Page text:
Saturday Night Fever

Festival Theatre, Edinburgh

Tues 10th – Sat 14th Feb

7.30pm/ Matinees Thursday and Saturday 2.30pm

Tickets £15.50-£32.50


Wow! I’d forgotten how much I love the Bee Gees’! We arrived at the Festival Theatre in high spirits to see the musical Saturday Night Fever. I love the film and was excited to experience it live. To anyone who doesn’t know the story it’s set in 1970’s New York, and tells the tale of tale of Tony Manero, who’s stuck in a dead end job and dreams of escape from the drudgery of life through disco and dancing. A great cue for an incredible soundtrack by the Bee Gees’. The show opened with some ingenious set design, which was to become a stunning feature throughout the show. A multi layered stage dived into sliding boxes, a projection screen and simple flats that glided effortlessly between street and house, disco and dance studio, with absolute precision creating a captivating spectacle. Lighting design was sublime and the projections created amazing atmospheric scenes that the dancers then integrated into their choreography. This stole the show without shadow of a doubt.

Danny Bayne who played Tony was the star of the performance and a true disco dancer with moves that would shake them up on Strictly Come Dancing. He captured the part to a tee and held the audience in the palm of his hand with his acting and dazzling dancing. His voice however was not as strong as his hip swinging moves and, as the story is completely made up of songs, most of which we all know and love so well, there were some definite weaker moments in the singing. The boys in general, although bringing lots of youthful swagger to the show , all lacked the musical oomph that this musical demanded. These songs however were all to a certain degree saved by the club singer, Cici Howells who came in with mindbogglingly powerful harmonies to support the weaker voices, and her singing in comparison was in another league altogether. She was the epitome of disco diva glamour and was captivating as a character.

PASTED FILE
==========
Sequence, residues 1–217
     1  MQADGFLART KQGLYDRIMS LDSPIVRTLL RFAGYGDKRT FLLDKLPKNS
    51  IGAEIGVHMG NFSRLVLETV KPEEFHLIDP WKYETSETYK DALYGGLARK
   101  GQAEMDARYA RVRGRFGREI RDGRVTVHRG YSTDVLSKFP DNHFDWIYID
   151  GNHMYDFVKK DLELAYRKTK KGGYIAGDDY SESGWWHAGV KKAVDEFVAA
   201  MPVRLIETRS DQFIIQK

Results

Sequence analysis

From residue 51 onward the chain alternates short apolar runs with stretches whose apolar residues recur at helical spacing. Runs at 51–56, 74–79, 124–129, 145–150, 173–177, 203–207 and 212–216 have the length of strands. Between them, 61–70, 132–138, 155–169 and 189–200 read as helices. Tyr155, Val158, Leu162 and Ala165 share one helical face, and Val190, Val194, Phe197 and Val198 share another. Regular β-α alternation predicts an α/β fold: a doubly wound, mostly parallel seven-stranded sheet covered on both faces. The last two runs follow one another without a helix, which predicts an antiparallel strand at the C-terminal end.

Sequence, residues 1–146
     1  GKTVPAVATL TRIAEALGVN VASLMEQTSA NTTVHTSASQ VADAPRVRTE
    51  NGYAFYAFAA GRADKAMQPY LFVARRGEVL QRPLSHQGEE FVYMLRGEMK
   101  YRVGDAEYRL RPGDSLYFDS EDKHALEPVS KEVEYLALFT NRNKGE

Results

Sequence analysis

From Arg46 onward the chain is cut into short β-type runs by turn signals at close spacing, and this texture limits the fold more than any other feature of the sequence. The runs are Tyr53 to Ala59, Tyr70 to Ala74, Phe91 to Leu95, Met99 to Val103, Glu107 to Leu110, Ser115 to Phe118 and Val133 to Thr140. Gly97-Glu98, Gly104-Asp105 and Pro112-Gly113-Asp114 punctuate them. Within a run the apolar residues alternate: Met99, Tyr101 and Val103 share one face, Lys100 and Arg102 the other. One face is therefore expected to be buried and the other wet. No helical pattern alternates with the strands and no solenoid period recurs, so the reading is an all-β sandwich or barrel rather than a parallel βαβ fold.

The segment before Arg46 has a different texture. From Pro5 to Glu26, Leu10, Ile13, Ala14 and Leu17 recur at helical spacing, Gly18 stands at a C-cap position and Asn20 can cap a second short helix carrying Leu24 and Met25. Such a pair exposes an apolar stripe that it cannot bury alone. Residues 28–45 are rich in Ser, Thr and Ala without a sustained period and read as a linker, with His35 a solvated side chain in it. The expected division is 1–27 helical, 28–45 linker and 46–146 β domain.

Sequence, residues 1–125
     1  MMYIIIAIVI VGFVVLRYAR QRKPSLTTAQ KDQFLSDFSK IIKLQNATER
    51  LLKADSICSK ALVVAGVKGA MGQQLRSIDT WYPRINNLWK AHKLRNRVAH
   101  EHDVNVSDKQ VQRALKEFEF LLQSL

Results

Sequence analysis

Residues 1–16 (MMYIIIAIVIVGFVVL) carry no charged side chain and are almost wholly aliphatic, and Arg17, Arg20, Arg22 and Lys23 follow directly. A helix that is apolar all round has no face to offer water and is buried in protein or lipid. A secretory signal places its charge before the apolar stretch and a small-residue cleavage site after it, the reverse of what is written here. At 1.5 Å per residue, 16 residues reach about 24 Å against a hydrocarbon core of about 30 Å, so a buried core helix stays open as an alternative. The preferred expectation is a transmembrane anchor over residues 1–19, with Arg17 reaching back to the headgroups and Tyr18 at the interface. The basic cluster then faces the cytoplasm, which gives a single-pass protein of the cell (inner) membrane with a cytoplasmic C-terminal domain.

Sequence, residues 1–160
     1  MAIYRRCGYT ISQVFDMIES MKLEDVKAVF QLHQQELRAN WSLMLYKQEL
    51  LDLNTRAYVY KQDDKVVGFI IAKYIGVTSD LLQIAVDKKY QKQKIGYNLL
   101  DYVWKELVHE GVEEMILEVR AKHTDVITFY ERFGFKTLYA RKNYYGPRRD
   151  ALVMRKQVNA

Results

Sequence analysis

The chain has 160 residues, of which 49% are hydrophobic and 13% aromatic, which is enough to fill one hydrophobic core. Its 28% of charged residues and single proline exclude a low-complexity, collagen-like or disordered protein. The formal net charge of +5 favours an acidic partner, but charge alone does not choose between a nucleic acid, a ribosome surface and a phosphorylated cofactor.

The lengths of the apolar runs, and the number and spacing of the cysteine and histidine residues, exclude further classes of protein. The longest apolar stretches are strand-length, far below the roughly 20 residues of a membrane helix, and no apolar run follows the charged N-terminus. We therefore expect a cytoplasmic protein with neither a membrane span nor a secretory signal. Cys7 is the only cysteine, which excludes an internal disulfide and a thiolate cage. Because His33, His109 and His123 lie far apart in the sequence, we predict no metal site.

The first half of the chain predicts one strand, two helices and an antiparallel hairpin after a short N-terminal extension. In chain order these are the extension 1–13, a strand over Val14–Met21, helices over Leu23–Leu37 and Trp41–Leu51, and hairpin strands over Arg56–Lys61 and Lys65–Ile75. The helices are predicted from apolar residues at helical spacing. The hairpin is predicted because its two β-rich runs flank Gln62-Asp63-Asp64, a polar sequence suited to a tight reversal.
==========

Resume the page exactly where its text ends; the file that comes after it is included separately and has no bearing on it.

The stage design, as mentioned before, was just brilliant. The video screen doubled up as a screen which the singers stood behind, giving a 3D effect to the point that it took a few double takes to realise it was actually live singers behind it. Very clever and effective. The disco scenes were were also sublimely created with a magical light show, and boxes that moved around, changing from booth, to drum kit, and back to the bar which created almost a filmic feel of moving from wide shot to close up with ingenious use of props. The show came to it’s surprisingly dark and profound conclusions, and the light hearted momentum eased momentarily to create some very moving and poignant scenes that were a real insight to the morality of the time. The final love scene however felt like a bit of an anticlimax. Only after the actors had taken their bows did they all come back on for one all singing, all dancing finale. The audience where cheering and clapping along and the atmosphere was electric and left us on a buzzing high. I guess I just wished they’d got that level of engagement with the audience and energy in the crowd throughout the rest of the show.

All in all it’s was a great night out and was a beautifully choreographed piece of dance. And yeah, I’ve been humming Staying Alive all day. You just can’t help but love the Bee Gees!

Reviewer : Glenda Rome

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